Lithander

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About Lithander

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  1. How to "smooth" a path

    Here's another easy but very natural looking solution. The trick is to not smooth the path but to follow it in a smooth manner.   1.) Get the position on the (unsmoothed) path that is closest to your character. 2.) Starting from that position move along the path towards the goal by a small distance to get the target position. (1m works well for humans) 3.) Let your character approach that target position. 4.) Next frame when the characters position has changed repeat with step 1.   The smoothness of the resulting path depends on your agents agilty and the ahead distance but it's usually very natural and easy to tweak.
  2. Stop worrying about your career for now an make games. Try to get some friends on board to play your games or even help with the development - that will make it a lot more fun. Fun is important, helps you maintain the spirit to become really good at something and being really good at something is your best bet at making people want to pay you for working for them. There are other factors like being someone that people want to work with and have around, but having a couple of successful projects under your belt is a real confidence booster, so it helps with that too. So yeah, the next step on your career path is definitely to continue what you've been doing: Make stuff.   That said: you're 14. You're in the fortunate position that you can do what the fuck you want in your considerable amount of spare time without having to think about real life shit like careers and degrees earning money and stuff. Try to enjoy that time, will you? If making games is what you enjoy most then do that, but don't do it for your career. If you're still making games when the time comes to decide what you want to study you'll be able more qualified to answer questions like "What job in the games industry will I be best at?" then we are now.   Here's a book you might enjoy: http://www.amazon.com/Masters-Doom-Created-Transformed-Culture/dp/0812972155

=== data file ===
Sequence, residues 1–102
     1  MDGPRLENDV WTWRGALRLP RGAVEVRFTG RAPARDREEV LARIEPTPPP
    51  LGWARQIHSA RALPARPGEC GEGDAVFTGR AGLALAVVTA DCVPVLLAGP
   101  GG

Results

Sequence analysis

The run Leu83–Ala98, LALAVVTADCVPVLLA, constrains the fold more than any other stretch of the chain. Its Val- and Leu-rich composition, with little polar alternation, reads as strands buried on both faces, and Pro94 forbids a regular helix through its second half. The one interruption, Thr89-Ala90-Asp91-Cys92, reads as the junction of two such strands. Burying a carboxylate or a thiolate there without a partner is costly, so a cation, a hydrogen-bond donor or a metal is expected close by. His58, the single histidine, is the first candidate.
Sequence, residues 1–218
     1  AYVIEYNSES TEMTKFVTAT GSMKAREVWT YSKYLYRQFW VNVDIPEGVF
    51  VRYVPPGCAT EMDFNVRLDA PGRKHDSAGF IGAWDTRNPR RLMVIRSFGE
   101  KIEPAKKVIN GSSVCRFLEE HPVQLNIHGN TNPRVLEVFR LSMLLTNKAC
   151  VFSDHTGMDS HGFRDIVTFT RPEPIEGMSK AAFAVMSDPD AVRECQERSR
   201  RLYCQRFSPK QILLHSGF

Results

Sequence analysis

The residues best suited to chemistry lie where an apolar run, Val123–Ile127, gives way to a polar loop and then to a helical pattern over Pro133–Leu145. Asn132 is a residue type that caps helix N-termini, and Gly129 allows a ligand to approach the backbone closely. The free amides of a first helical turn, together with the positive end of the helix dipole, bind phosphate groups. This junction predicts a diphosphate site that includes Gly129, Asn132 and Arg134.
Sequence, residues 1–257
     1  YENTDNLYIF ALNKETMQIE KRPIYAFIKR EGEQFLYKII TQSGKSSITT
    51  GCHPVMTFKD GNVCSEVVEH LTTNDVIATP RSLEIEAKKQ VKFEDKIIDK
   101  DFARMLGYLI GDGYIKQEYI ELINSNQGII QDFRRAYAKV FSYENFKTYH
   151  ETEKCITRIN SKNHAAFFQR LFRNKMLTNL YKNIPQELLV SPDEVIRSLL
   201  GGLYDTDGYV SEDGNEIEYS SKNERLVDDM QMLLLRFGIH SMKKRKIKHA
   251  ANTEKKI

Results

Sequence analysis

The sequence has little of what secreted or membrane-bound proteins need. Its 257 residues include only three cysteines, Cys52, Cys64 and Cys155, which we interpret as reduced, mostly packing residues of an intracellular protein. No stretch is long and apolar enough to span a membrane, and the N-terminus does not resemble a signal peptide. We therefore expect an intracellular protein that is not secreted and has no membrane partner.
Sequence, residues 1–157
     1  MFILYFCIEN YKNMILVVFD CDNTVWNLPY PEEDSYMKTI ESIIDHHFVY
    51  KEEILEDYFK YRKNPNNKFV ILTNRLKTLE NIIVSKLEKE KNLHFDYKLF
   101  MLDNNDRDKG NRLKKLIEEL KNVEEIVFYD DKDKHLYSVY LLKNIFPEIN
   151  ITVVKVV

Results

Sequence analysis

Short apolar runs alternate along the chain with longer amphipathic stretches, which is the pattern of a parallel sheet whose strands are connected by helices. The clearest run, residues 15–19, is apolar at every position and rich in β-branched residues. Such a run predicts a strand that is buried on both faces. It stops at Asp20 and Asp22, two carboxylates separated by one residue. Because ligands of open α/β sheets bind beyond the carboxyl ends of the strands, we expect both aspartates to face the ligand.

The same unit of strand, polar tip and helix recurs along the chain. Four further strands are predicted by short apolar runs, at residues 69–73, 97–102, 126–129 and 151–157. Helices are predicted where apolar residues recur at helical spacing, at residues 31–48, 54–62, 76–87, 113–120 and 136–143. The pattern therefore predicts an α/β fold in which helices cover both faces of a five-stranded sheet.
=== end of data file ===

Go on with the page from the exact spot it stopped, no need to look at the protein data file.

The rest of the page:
3. potatoe

      Agreed. Unity devs, we're looking at you! :P
  4. potatoe